Arkansas covers 52,068 square miles, with a 2019 estimated population of 3,017,804 people - 1,124,911 living in rural Arkansas (USDA-ERS). The state capital and largest city is Little Rock. According to 2018 data from the U.S. Census Bureau, 79.1% of the state's population is white, 15.7% is African-American, 1.7% is Asian, 1.0% is American Indian or Alaska Native, 0.4% is Native Hawaiian or Other Pacific Islander, and 7.7% is of Hispanic or Latino origin.
Arkansas Rural Healthcare Facilities
According to data.HRSA.gov, as of January 2020 Arkansas had:
- 28 Critical Access Hospitals
- 99 Rural Health Clinics
- 109 Federally Qualified Health Center sites located outside of Urbanized Areas
- 22 short term hospitals located outside of Urbanized Areas
Selected Social Determinants of Health for Rural Arkansas
8% of Arkansas residents lack health insurance (Kaiser, 2016). According to the USDA Economic Research Service, the average per capita income for Arkansas residents in 2018 was $43,233, although rural per capita income lagged at $34,664. The ERS reports, based on 2018 ACS data, that the poverty rate in rural Arkansas is 19.5%, compared with 15.2% in urban areas of the state. 16.3% of the rural population has not completed high school, while 12.2% of the urban population lacks a high school diploma according to 2014-2018 ACS data reported by ERS. The unemployment rate in rural Arkansas is 4.3%, while in urban Arkansas, it is 3.1% (USDA-ERS, 2019).For a national comparison, please see an overview of the United States.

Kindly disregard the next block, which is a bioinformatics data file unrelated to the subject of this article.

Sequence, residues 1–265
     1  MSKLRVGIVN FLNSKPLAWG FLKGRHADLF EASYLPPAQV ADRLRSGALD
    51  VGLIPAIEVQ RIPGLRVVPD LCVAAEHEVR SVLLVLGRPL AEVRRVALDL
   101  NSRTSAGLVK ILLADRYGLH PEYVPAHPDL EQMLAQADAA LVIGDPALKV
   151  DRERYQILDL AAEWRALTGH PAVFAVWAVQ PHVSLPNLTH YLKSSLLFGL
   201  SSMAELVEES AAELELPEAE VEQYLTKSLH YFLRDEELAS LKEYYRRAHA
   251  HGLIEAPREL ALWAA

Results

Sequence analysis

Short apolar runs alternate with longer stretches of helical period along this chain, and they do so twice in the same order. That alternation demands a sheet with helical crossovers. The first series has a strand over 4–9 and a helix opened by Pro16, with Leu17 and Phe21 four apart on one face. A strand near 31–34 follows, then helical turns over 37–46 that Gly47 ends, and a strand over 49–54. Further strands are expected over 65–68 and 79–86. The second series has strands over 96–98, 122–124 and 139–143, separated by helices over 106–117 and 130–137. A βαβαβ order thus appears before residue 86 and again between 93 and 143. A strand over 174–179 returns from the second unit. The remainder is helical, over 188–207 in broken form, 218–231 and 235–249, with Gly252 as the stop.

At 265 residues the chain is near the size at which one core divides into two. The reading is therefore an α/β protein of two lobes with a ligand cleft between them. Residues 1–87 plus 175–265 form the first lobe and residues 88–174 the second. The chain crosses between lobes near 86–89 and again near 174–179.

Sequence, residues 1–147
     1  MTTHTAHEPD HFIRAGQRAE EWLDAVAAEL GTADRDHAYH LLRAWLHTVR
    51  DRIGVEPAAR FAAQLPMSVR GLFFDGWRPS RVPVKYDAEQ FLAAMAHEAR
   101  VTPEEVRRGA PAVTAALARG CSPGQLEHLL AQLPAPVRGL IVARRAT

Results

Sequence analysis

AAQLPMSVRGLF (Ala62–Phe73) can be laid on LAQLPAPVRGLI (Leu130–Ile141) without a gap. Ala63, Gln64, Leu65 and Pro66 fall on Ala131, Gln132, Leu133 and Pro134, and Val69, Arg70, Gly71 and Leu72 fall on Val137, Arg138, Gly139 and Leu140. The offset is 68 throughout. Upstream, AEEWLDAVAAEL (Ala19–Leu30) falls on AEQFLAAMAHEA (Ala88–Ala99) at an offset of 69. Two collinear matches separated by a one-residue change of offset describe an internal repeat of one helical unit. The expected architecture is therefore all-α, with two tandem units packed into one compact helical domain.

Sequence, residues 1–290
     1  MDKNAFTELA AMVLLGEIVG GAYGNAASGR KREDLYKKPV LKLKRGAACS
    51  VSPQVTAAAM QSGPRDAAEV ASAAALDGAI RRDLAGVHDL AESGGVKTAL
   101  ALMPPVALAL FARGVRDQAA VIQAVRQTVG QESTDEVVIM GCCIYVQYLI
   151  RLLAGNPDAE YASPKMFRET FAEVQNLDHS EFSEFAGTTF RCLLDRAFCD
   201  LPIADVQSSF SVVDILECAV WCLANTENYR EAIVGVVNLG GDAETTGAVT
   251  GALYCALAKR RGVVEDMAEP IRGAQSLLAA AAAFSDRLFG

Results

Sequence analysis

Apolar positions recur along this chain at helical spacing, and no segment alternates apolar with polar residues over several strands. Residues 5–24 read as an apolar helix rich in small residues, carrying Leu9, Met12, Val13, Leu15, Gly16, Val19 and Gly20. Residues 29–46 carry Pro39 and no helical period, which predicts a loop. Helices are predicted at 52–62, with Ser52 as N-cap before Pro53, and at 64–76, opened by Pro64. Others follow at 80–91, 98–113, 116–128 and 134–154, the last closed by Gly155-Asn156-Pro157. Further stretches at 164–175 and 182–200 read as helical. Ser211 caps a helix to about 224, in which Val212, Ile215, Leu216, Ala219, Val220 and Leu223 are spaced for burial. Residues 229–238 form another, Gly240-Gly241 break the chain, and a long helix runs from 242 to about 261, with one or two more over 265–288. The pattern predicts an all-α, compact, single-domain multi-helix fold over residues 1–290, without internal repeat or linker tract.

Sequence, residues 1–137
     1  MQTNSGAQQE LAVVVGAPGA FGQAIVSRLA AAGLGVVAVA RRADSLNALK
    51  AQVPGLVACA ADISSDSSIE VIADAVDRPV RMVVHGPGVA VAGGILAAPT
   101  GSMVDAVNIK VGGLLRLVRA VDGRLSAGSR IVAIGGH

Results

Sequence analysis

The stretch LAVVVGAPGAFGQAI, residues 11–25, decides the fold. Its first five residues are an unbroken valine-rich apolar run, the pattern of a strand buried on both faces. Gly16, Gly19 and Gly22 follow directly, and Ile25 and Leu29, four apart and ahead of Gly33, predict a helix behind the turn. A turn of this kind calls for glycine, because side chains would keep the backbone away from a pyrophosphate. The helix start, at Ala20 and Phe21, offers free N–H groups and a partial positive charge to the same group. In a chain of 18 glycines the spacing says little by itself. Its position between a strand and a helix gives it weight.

Supports access to quality health care services throughout Arkansas by helping develop community-based healthcare systems and services. Part of the Arkansas Department of Health.
There are more organizations related to Arkansas in the organizations section.
Last Reviewed: 3/20/2019